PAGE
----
Indiana teachers say the anti-CRT law would weaken lessons

Civil rights movement, Armenian genocide of 1915, evolution, human reproduction.

These are some of the lessons that Indiana teachers fear they would have to mitigate or eliminate altogether if the state adopts new comprehensive regulations on how they can address race and racism. Many objects.

“I refuse to be part of the history of whitening,” said Sondra Flora, a secondary school teacher at Elkhart Community Schools.

The proposed restrictions come as part of a conservative movement that responds to protests against racial justice by focusing on critical racial theory – although state leaders have said they do not believe K-12 schools in Indiana teach theory, an academic concept that examines how institutional racism is woven. into law and society.

But the legislature behind the bill wants to ban classes that could cause students discomfort or a feeling of superiority or inferiority to others.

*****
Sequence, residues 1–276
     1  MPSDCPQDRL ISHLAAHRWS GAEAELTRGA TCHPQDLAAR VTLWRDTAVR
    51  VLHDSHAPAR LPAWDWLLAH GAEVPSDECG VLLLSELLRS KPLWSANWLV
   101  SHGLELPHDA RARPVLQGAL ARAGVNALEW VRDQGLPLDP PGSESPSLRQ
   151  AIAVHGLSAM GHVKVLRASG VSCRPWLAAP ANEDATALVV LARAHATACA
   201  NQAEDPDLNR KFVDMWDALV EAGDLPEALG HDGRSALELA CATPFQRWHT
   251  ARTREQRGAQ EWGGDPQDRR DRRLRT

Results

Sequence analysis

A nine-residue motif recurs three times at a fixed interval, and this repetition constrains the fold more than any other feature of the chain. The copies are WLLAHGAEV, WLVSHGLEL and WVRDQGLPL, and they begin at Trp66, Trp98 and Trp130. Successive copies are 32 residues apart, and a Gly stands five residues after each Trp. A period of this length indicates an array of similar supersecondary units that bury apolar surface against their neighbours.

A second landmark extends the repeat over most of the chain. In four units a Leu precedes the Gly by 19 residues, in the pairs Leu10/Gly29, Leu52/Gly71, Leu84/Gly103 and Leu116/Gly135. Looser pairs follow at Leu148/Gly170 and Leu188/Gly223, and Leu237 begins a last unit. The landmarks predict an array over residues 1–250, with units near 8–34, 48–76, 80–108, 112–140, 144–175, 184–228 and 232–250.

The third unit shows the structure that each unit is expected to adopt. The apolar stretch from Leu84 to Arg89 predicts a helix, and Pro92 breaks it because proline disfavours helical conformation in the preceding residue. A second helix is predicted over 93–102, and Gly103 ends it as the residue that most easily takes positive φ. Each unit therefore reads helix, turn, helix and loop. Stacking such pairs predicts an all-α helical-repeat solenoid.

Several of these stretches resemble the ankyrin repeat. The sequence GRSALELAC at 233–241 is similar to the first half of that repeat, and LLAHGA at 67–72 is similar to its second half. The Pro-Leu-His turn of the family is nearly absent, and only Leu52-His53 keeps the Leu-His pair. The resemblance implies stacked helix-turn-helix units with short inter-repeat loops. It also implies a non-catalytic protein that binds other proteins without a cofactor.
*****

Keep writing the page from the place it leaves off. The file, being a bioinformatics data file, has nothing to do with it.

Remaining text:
“If people think it’s a small problem out here; is not, “said MP Tony Cook, a Chicory Republican and author of House Act 1134.

Senate Pro President Rodric Bray said on Friday that the Senate would no longer enforce the proposed curriculum restrictions. In the House, lawmakers tried to blunt the language of the bill after opposing the legislature’s proposal to keep teachers impartial about the Holocaust. They added a “good citizenship” clause, which, according to its authors, allows teachers to express their views on ideas that are contrary to the US constitution, such as Nazism and racism.

However, many educators said they were still against the bill because they said the ban could stop teaching a range of historical topics that could make the student uncomfortable.

Hammond Schools Superintendent Scott Miller told the House Education Committee that a history lesson on religious persecution during the Spanish Inquisition could lead to a complaint under the proposed law if, for example, a Catholic student felt uncomfortable.

“If we want to promote critical thinking skills, we can’t set a standard for violations that is at the level of comfort of an individual student,” Miller said.